nothing has come in the place. When the unclean spirit has gone out, they pass through dry places seeking rest and finding none. The sun of righteousness does not arise on their perplexed and uncertain path.
A different form of skepticism is that broached a few years since by Dr. Strauss, of Tubingen,* in Germany, or rather, more boldly, learnedly, and systematically avowed and defended by him, and which, it is said, has a multitude of advocates. It transforms the historical facts of revelation into allegories. It denies the historical truth of the narratives of the New Testament, and treats them merely as symbols or fables. Our Saviour is, with Dr. Strauss, the symbol of humanity. Humanity, taken as a whole, is God manifest in the flesh. Eternity exists in this world. It is made up of the infinite succession of human generations. Eternal happiness is the progress by which mind gradually overcomes matter, and causes it to subserve its purposes. The system, if so it can be called, seems to be a mixture of deism, pantheism, and rank atheism.
Unhappily, not a few philosophical minds, that do not embrace any of these absurd and impious dogmas, are very far from coming up to the requisitions of Christianity. They are accustomed to regard this religion as one of the developments of the human mind, as a means of civilization, or as containing a very interesting chapter in the history of the human race. They may go further, and assert that it is indispensable to the repose and prosperity of nations; that every other system has been tried, and found in some points to be defective, while Christianity has as yet stood the test. These philosophical Christians are by no means inconsiderable in number at the present day. They are believers in general, but skeptics in particular. The gospel does not come to them with life-giving power, because they do not feel themselves to be in perishing need of its provisions.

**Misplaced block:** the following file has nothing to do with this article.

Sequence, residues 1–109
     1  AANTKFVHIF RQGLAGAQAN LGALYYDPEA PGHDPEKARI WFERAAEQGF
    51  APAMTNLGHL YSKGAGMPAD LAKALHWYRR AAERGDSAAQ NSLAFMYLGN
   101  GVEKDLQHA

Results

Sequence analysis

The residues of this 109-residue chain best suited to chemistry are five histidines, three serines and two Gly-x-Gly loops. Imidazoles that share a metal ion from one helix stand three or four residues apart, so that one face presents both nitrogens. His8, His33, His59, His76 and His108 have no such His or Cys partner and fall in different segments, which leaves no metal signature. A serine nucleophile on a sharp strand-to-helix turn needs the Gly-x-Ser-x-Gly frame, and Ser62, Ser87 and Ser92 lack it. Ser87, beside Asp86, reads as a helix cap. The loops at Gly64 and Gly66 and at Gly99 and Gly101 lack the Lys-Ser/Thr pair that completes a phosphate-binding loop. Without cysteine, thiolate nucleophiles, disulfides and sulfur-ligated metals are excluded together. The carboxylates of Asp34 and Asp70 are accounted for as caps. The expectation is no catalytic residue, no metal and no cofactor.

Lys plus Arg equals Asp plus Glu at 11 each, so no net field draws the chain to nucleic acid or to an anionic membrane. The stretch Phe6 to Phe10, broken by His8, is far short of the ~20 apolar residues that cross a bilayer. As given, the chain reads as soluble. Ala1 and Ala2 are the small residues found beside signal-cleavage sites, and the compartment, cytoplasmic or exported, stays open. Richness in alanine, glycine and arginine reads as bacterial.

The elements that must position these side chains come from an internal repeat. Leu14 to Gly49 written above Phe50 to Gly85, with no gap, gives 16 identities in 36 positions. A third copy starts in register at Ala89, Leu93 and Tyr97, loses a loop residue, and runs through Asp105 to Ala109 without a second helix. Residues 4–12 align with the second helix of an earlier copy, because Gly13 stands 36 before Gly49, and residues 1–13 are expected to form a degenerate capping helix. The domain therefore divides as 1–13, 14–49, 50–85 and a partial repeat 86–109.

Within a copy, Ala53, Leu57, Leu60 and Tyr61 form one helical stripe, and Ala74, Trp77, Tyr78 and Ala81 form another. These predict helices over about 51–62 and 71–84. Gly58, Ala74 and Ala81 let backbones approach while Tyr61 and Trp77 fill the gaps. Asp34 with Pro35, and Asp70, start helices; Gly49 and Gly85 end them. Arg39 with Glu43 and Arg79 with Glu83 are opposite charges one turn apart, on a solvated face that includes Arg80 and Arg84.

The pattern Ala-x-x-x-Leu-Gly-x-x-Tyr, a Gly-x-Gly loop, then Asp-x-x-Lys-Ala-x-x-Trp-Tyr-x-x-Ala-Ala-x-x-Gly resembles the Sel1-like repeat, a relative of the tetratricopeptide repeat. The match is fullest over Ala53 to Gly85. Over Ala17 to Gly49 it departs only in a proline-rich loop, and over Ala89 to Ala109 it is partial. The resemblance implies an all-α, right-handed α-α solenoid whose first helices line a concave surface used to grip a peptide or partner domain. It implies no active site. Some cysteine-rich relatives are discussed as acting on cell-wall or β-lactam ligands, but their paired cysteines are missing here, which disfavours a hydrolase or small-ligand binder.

* We observe that Dr. Strauss has been thrown out of his office at Zurich by the indignant inhabitants of the canton.
+ We regret that Mr. Hallam, in his recent very comprehensive and well-written “Introduction to the Literature of Europe," does not sympathize more deeply with the Lutheran Reformation, and with the recent developments of Christianity.